Attention Deficit Hyperactivity Disorder (ADHD) is one of the most common childhood behavioral disorders. It is estimated that 10% of American school children are presently considered to have ADHD to some degree, an incidence that places it ahead of asthma and most infectious diseases. The problem can persist into adolescence and adulthood. It takes a great toll on children's abilities to learn effectively in school, and on their families' happiness.
For a condition so prevalent, surprisingly little is known about its causes. Imaging studies of children's brains have shown that areas involved in thinking, planning, and attention mature more slowly in those with ADHD compared to those without. Genetic investigations have suggested that certain small variations in several genes occur more commonly in ADHD, but no single genetic cause has been identified. Exposure in the womb to certain substances like alcohol can cause deficits in attention, and more such chemicals may be found in the future. Other disorders known to affect brain development and function, like certain types of epilepsy or Tourette syndrome, can be associated with attentional problems.
Since so little is known about the root causes of ADHD, no medical test can objectively identify the condition, the way that a throat culture can identify Strep throat. The diagnosis of ADHD is a clinical one. It is based on:
(1) Observations of the child's behavior in various settings by people close to him/her -- parents, teachers, coaches, etc. These may include standardized questionnaires, lists of problem behaviors which those familiar with the child can check off.
(2) Data on the child's academic functioning, such as grades, standardized test scores, and (most importantly) teachers' observations of his/her classroom function. The teacher often can comment (at least informally) about whether the child's difficulties could be due to a learning disability.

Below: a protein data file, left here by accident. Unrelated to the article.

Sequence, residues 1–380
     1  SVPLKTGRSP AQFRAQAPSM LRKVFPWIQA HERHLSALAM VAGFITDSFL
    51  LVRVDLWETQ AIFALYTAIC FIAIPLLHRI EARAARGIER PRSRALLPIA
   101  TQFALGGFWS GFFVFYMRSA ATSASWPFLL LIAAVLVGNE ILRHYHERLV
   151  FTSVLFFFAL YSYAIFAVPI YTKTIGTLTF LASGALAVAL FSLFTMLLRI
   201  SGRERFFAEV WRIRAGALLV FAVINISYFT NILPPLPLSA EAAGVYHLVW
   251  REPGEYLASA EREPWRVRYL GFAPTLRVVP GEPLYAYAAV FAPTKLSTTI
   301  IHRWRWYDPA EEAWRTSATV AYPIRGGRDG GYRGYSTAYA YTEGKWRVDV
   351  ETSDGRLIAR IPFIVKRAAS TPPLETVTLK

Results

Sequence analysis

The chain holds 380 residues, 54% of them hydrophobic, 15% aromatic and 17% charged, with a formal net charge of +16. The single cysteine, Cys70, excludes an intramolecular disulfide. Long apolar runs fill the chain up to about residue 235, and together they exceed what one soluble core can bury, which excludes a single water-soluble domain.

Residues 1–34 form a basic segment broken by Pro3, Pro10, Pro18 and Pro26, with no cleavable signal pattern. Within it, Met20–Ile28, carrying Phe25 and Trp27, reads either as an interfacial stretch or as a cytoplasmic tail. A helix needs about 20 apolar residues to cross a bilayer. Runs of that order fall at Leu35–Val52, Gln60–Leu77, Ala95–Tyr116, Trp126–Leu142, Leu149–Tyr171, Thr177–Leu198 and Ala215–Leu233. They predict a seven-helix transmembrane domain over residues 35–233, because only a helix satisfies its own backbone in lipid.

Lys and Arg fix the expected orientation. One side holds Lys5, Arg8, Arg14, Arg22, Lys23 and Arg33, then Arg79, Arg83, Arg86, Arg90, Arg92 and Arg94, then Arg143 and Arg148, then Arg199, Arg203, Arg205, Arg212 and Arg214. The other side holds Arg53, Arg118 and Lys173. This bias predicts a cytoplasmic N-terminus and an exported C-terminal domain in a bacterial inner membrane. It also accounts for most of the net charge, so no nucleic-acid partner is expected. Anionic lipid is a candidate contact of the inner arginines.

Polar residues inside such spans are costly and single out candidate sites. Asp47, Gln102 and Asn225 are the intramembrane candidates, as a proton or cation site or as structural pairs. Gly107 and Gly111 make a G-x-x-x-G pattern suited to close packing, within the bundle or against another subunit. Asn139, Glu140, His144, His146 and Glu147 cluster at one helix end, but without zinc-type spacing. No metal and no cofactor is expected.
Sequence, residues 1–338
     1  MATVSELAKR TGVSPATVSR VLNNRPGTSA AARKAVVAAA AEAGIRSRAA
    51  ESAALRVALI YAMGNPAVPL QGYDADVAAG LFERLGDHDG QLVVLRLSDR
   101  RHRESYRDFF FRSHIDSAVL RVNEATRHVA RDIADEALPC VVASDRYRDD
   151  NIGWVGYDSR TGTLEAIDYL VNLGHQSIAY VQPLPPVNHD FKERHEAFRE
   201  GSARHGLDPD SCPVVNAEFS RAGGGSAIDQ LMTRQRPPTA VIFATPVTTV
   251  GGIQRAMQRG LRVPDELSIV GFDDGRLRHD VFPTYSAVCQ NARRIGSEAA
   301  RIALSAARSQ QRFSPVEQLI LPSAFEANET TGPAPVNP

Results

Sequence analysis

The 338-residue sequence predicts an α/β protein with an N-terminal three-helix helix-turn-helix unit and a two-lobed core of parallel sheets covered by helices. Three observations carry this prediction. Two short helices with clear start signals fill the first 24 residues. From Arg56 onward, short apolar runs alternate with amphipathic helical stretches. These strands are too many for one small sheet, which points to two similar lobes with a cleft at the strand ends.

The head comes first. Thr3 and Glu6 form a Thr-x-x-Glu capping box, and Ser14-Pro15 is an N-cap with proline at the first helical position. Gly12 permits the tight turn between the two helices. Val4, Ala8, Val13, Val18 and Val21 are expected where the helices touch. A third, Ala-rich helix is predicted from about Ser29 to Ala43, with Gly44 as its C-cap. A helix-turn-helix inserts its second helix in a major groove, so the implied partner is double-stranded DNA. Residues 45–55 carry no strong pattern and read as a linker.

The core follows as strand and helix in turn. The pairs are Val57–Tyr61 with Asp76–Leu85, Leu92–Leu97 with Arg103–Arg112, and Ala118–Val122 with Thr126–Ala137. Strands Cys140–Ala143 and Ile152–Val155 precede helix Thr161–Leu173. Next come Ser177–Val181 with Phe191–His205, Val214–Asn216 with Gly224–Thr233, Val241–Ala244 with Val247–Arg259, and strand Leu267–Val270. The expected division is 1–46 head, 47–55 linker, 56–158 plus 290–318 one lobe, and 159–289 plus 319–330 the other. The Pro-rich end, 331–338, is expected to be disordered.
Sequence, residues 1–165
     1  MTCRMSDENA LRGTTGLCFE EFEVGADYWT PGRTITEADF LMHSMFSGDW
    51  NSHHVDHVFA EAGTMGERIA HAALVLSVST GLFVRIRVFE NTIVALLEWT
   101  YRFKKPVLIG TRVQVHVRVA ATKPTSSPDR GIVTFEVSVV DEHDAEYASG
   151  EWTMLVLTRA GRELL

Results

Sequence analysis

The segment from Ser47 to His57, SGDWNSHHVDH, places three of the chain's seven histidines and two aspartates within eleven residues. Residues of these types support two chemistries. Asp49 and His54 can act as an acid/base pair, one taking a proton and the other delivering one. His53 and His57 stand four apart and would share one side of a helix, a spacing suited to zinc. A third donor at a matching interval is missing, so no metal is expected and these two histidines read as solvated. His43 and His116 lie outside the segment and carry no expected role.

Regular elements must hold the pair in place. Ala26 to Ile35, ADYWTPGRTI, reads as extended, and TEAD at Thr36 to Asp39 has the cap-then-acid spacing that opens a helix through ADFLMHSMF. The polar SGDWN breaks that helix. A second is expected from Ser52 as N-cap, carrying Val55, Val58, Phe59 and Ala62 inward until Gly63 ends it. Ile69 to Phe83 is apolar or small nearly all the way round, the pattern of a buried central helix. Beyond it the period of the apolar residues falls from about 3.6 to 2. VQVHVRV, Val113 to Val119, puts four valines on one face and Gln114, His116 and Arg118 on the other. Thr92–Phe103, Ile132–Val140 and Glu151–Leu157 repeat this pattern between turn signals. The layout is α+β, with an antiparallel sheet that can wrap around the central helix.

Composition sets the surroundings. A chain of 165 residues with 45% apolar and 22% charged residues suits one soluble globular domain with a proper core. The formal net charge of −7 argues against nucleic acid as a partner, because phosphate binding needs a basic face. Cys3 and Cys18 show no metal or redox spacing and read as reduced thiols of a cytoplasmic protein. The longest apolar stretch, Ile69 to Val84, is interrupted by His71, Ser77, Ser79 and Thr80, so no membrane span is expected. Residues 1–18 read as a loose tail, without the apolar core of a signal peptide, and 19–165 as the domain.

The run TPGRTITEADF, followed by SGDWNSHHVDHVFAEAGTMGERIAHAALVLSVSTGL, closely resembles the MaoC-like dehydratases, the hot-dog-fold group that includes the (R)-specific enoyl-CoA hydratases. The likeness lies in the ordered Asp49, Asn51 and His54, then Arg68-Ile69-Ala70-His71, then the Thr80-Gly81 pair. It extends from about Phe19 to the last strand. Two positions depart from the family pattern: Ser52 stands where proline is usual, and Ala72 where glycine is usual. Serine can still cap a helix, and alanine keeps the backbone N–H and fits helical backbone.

(3) A pediatric medical assessment to rule out conditions that can affect a child's learning and attention abilities, such as unsuspected hearing or visual deficits; subtle effects of illnesses such as asthma or allergies (as well as potential side effects of the medications used to treat them); or the presence of other behavioral conditions like Oppositional Defiant Disorder, Conduct Disorder, anxiety, and depression, which can co-exist with ADHD and which may require referral to a mental-health professional.
Once this information is collected, the findings are compared to the diagnostic standards for ADHD agreed upon by bodies such as the American Academy of Pediatrics, the American Academy of Child Psychiatry, and the National Institutes of Health. These are:
Inattention -- 6 or more symptoms for children up to age 16, or 5 or more for adolescents 17 and older and adults. Symptoms should have been present for at least 6 months, and are inappropriate for the person's developmental level:
In addition, the following conditions must be met:
If these diagnostic requirements are satisfied, a formal diagnosis of ADHD can be made. Based on the symptoms present, the diagnosis can one of three subtypes:
The procedure of ADHD diagnosis is subjective, and certainly can be imprecise. In addition, a child's functioning can change over time, so that he/she qualifies for different subtypes. Moreover, at least 50% of children who fall into the ADHD category as primary- or middle-schoolers may "outgrow" or mature out of the diagnosis by the time they reach high school or college. Nevertheless, the diagnostic procedure is worth carrying out. If ADHD is found, interventions -- both behavioral and medical -- can be started to help the child overcome his/her difficulties, and these can make school, family, and social life more rewarding.
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